“Receiving this prize is a great honor, and with it, I must be careful,” said Shigeru Ban, the recipient of the 2014 Pritzker Architecture Prize. “I must continue to listen to the people I work for, in my private residential commissions and in my disaster relief work. I see this prize as encouragement for me to keep doing what I am doing—not to change what I am doing, but to grow.“
The 56-year-old Japanese architect will be honored at an award ceremony on June 13 at the Rijksmuseum in Amsterdam, The Netherlands. This marks the first time the ceremony will be in the Netherlands, and it will be streamed live on PritzkerPrize.com.
With offices in Tokyo, Paris and New York, Ban designs innovative spaces for private clients and uses the same inventive and resourceful design approach for his extensive humanitarian efforts. For 20 years Ban has traveled to sites of natural and man-made disasters around the world to work with local citizens, volunteers and students to design and construct simple, dignified, low-cost, recyclable shelters and community buildings for the disaster victims.
In all parts of his practice, Ban finds a wide variety of design solutions, often based around structure, materials, view, natural ventilation and light, and a drive to make comfortable places for the people who use them. From private residences and corporate headquarters to museums, concert halls and other civic buildings, Ban is known for the originality, economy, and ingeniousness of his works, which do not rely on today’s common high-tech solutions.
Paper Emergency Shelter for Haiti, Port-au-Prince, Haiti, 2010
To construct his disaster relief shelters, Ban often employs recyclable cardboard paper tubes for columns, walls and beams, as they are locally available, inexpensive, and easy to transport, mount and dismantle; and they can be water- and fire-proofed, and recycled. He says that his Japanese upbringing helps account for his wish to waste no materials.
Ban’s humanitarian work began in response to the 1994 conflict in Rwanda, which threw millions of people into tragic living conditions. He proposed paper-tube shelters to the United Nations High Commissioner for Refugees and they hired him as a consultant.
Paper Log House, Bhuj, India, 2001
After the 1995 earthquake in Kobe, Japan, he developed the “Paper Log House” for Vietnamese refugees in the area. With donated beer crates filled with sandbags for the foundation, he lined up the paper cardboard tubes vertically to create the walls of the houses. Ban also designed “Paper Church” as a community center of paper tubes for the victims of Kobe. It was later disassembled and sent to Taiwan and reconstructed there in 2008.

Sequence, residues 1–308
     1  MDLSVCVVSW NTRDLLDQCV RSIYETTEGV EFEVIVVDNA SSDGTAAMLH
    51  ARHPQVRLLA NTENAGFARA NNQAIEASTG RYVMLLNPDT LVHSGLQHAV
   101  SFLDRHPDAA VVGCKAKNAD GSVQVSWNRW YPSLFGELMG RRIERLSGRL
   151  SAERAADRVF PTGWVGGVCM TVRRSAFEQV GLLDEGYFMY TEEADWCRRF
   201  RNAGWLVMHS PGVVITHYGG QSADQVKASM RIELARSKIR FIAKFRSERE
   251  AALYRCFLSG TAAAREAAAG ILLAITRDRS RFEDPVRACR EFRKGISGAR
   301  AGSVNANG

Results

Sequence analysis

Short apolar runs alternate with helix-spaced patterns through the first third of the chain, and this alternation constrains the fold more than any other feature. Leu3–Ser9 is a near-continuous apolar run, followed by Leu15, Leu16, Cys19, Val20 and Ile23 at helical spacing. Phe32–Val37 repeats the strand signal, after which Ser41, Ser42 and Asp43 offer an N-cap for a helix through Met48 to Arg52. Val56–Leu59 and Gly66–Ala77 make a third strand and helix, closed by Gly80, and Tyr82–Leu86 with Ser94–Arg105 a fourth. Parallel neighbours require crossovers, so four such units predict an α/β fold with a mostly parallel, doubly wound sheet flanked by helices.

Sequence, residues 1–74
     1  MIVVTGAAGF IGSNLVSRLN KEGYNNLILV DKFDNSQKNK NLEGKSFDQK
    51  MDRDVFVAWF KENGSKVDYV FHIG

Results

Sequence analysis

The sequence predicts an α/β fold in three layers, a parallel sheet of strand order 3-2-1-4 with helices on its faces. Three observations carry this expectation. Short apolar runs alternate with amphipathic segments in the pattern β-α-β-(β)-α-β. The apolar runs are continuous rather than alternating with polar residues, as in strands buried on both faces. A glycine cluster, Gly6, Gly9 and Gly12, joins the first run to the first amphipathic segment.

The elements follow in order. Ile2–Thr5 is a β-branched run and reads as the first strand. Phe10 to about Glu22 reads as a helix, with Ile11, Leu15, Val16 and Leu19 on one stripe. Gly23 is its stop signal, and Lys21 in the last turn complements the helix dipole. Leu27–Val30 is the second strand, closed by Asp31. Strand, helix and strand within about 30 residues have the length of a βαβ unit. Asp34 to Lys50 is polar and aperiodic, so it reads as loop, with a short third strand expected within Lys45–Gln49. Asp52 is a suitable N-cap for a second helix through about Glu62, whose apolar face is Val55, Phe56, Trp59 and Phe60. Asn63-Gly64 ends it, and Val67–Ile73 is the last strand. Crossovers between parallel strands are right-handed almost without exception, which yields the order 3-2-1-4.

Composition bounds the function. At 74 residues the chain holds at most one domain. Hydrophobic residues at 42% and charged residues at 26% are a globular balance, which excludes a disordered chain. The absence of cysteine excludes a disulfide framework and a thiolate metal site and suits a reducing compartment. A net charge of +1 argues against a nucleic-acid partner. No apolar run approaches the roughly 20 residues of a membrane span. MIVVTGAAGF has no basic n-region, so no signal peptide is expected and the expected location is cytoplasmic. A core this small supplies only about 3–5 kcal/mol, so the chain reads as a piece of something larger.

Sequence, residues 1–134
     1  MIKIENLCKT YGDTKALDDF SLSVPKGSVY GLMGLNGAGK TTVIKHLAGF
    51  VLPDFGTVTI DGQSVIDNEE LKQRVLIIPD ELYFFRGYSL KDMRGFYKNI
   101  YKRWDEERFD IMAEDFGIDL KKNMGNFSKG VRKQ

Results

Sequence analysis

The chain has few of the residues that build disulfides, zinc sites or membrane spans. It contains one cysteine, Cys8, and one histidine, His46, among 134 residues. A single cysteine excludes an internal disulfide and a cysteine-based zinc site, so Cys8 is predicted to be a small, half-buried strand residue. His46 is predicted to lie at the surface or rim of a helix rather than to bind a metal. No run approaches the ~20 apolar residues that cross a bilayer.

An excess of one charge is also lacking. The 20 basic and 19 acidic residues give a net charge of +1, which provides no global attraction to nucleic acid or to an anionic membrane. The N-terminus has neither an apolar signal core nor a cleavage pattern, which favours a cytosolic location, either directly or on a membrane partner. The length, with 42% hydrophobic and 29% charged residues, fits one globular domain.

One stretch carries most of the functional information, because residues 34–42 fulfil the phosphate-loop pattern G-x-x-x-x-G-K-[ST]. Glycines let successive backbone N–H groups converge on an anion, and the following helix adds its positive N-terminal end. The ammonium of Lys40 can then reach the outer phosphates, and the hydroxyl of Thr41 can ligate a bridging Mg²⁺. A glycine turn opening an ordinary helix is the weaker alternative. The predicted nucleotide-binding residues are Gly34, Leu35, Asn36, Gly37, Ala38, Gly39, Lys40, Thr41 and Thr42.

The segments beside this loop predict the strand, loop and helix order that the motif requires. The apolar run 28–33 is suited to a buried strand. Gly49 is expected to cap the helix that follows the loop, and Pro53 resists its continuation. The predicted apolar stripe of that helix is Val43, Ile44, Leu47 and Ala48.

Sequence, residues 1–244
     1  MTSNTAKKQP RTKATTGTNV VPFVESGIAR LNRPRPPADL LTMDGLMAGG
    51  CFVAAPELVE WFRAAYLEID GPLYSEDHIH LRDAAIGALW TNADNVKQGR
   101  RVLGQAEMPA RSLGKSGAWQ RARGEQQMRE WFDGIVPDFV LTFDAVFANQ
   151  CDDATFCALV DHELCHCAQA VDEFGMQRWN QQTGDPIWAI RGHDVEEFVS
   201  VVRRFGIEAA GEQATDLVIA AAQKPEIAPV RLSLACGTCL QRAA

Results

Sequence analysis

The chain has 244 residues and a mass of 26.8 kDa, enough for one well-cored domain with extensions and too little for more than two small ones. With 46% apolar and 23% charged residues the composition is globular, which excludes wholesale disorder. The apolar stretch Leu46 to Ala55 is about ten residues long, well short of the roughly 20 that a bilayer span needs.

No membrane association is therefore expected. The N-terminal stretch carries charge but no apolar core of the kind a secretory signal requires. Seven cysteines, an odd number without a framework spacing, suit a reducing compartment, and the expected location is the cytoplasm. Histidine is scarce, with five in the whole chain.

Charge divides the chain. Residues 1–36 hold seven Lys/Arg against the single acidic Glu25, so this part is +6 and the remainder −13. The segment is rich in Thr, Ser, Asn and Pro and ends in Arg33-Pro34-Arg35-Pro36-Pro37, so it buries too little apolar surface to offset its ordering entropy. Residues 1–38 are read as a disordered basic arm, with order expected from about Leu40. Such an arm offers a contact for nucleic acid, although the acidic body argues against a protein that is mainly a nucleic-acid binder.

“Shigeru Ban is a force of nature, which is entirely appropriate in the light of his voluntary work for the homeless and dispossessed in areas that have been devastated by natural disasters,” said Pritzker Prize jury chairman, The Lord Palumbo. “But he also ticks the several boxes for qualification to the Architectural Pantheon—a profound knowledge of his subject with a particular emphasis on cutting-edge materials and technology; total curiosity and commitment; endless innovation; an infallible eye; an acute sensibility—to name but a few.”
Cardboard Cathedral, Christchurch, New Zealand, 2013
The Pritzker Prize jury included Alejandro Aravena, architect and Executive Director of Elemental in Santiago, Chile; Stephen Breyer, U.S. Supreme Court Justice, Washington, D.C.; Yung Ho Chang, architect and educator, Beijing; Kristin Feireiss, architecture curator, writer, and editor, Berlin; Glenn Murcutt, architect and 2002 Pritzker Laureate, Sydney, Australia; Juhani Pallasmaa, architect, professor and author, Helsinki, Finland; and Ratan N. Tata, Chairman Emeritus of Tata Sons.
Ban served as a member of the Pritzker Architecture Prize jury from 2006 to 2009. He lectures and teaches at architecture schools around the world and is currently a professor at Kyoto University of Art and Design.
The Pritzker Architecture Prize was founded in 1979 by the late Jay A. Pritzker and his wife Cindy. Its purpose is to honor annually a living architect whose built work demonstrates a combination of those qualities of talent, vision and commitment, which has produced consistent and significant contributions to humanity and the built environment through the art of architecture. The laureates receive a $100,000 grant and a bronze medallion.
Photo Credits: Shigeru Ban Architects, Kartikeya Shodhan (Paper Log House), Stephen Goodenough (Cardboard Cathedral)